• Add 1 ml of DNA Wash Solution per 1 ml of TRI Reagent used for the initial homogenization.
    • Incubate the DNA pellet in DNA Wash Solution for 30 min at room temperature with periodic mixing
    • Centrifuge at 2,000 x g for 5 min at 4–25°C.
    • Carefully remove the supernatant.
    • Repeat steps a–d to wash the DNA pellet a second time
    • (Optional) For large pellets containing >200 μg DNA or large amounts of a non-DNA material, repeat steps a–d a third time.


  3. Wash the pellet with 1.5–2 ml of 75% ethanol for 10–20 min at room temp

  4. This ethanol wash removes pinkish color from the DNA pellet.
    • Add 1.5–2 ml of 75% ethanol per 1 ml TRI Reagent used for the initial homogenization.
    • Incubate for 10–20 min at room temperature with periodic mixing.
    • Centrifuge at 2,000 x g for 5 min at 4–25°C.
    • Centrifuge at 2,000 x g for 5 min at 4–25°C.
      STOPPING POINT - Samples suspended in 75% ethanol can be stored at 4°C for a long period of time (months).
    • Remove the ethanol wash. Remove all residual ethanol by centrifuging again briefly and removing the ethanol that is collected.

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DNA Solubilization

  1. Briefly air dry the DNA pellet

  2. Briefly air dry the DNA pellet by keeping the tube open for 3–5 min at room temperature.

  3. Dissolve the DNA pellet in 8 mM NaOH

    The DNA pellet is fully solubilized in a mild alkaline solution.

    • Add an appropriate amount of 8 mM NaOH to yield a DNA concentration of 0.2–0.3 μg/μl. Typically, add 300–600 μl of 8 mM NaOH to DNA isolated from 50–70 mg of tissue or 10 7 cells.
    • Pipette up and down slowly to dissolve the DNA pellet. Samples solubilized in 8 mM NaOH can be stored overnight at 4°C.


  4. Centrifuge at 12,000 x g for 10 min and transfer the supernatant to a new tube

    • Centrifuge at 12,000 x g for 10 min to pellet any insoluble material (fragments of membranes, etc.) remaining at this stage.
    • Transfer the DNA-containing supernatant to a new tube. High viscosity of the supernatant indicates the presence of high molecular weight DNA.


  5. Adjust the pH of the DNA solution

    • Adjust the DNA solution to the desired pH using 0.1 M or 1 M HEPES (free acid). See Table 1.
    • Add EDTA to a concentration of 1 mM.

      Table 1. Adjustment of pH in DNA samples

      Use the following amounts of 0.1 M or 1 M HEPES (free acid) per 1 ml 8 mM NaOH

      Final pH 0.1 M HEPES Final pH 0.1 M HEPES Final pH 1 M HEPES
      8.486 μl7.8 117 μl7.223 μl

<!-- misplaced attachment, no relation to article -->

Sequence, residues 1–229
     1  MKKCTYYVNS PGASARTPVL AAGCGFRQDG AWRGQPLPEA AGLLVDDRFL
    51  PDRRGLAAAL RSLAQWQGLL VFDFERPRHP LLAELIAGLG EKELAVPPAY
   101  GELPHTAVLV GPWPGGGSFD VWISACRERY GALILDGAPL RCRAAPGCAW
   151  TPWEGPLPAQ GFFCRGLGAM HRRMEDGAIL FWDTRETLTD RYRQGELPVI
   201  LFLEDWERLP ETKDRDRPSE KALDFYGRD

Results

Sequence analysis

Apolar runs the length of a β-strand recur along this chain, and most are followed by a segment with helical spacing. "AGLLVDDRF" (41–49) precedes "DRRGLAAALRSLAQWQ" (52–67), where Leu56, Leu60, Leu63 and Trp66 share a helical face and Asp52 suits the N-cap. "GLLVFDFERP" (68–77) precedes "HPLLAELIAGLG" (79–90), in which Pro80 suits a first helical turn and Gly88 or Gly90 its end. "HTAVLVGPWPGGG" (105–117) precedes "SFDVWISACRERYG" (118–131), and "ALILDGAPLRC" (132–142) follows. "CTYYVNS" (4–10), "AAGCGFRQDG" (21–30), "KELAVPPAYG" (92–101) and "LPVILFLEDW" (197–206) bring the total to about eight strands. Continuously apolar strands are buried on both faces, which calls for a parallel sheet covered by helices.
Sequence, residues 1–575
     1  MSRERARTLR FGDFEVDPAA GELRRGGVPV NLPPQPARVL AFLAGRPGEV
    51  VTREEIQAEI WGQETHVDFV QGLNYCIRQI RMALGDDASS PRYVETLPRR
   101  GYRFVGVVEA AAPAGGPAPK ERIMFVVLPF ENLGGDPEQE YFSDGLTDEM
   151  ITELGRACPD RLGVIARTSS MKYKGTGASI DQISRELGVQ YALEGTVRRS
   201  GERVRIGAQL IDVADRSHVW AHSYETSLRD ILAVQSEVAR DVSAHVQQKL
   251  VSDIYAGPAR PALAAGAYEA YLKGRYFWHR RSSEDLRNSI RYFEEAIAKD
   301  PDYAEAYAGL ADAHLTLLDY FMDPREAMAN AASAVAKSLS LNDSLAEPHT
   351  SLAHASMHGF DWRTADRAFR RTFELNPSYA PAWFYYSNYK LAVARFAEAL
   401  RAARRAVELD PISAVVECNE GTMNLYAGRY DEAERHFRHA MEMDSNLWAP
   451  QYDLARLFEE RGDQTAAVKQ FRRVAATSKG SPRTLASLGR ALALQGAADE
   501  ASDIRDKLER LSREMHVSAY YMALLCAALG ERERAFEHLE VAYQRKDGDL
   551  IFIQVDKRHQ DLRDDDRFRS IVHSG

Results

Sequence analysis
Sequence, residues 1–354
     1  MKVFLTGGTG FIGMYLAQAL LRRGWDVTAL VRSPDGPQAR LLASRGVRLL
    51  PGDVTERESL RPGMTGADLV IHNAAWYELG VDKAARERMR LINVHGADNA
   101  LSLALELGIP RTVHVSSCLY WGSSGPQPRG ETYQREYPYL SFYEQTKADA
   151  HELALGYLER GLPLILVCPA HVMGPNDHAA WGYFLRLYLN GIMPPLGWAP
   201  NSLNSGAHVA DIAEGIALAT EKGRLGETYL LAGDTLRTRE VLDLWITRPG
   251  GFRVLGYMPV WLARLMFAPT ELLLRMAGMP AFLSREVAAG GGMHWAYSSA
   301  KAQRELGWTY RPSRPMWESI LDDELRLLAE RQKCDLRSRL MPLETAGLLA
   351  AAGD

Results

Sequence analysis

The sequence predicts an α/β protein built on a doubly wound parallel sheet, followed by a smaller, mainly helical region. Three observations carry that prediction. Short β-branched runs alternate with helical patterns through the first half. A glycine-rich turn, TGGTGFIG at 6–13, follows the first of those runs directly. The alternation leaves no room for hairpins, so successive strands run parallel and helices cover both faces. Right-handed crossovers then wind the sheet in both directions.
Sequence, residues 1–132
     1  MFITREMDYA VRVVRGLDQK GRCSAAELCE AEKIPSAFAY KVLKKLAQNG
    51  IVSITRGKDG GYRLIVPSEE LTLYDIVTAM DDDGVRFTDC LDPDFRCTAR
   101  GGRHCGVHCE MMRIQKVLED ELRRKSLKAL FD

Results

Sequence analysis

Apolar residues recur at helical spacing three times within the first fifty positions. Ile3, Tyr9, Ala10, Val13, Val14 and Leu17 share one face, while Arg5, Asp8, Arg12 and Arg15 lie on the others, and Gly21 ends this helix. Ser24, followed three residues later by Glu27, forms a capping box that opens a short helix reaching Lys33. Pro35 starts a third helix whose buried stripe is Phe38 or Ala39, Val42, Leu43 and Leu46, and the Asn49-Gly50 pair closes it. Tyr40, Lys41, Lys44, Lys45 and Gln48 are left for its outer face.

8.293 μl7.5159 μl7.0 32 μl
      8.0101 μl----

      Alternatively, dialyze samples against 1 mM EDTA, pH 7–pH 8.
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DNA Isolation Troubleshooting


Low yield
  • Sample homogenization or lysis was incomplete
  • Solubilization of the final DNA pellet was incomplete
A260/A280
ratio <1.70
  • Phenol was not sufficiently removed from the DNA preparation
  • Acidic water was used for the spectrophotometric measurement.
DNA degradation
  • Tissues were not immediately processed or frozen after removing from animal
  • Samples were homogenized with a Polytron or other high speed homogenizer
RNA contamination
  • Aqueous phase was carried over with the interphase and organic phase
  • DNA pellet was not sufficiently washed with DNA Wash Solution.

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Assess DNA Yield and Quality

Determine the DNA concentration and purity by diluting an aliquot of the preparation in water or buffer with a pH>7.5 and reading the absorbance in a traditional spectrophotometer at 260 nm and at 280 nm.

To determine the DNA concentration in μg/ml, multiply the A 260 by the dilution factor and the extinction coefficient
(1 A 260 = 50 μg double-stranded DNA/ml).

A260 X dilution factor X 50 = μg DNA/ml

DNA yield and size can vary considerably between samples. Yield is dependent on factors such as sample type, health of the organism, and thoroughness of sample disruption. Sample handling has a strong impact on the size of the recovered DNA. The DNA yield and size expectations listed below assume ideal conditions for factors that the user can control.
 
Tissue (mammalian) DNA yield per mg tissue Size distribution 60–100 kb     0–20 kb Cultured cells DNA yield per 106 cells Size distribution 60–100 kb     0–20 kb
Liver, kidney3–4 μg~70%           ~30% Human, rat, mouse
5–7 μg  >80%          <20%
Skeletal muscle, brain, placenta2–3 μg~70%           ~30%




To evaluate DNA purity, calculate the sample’s A260/A280 ratio. Typically, the isolated DNA is free of RNA and protein and has an A260/A280 ratio >1.7. Alternatively, dialyze samples against 1 mM EDTA, pH 7–pH 8.
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Alternate DNA Isolation Protocols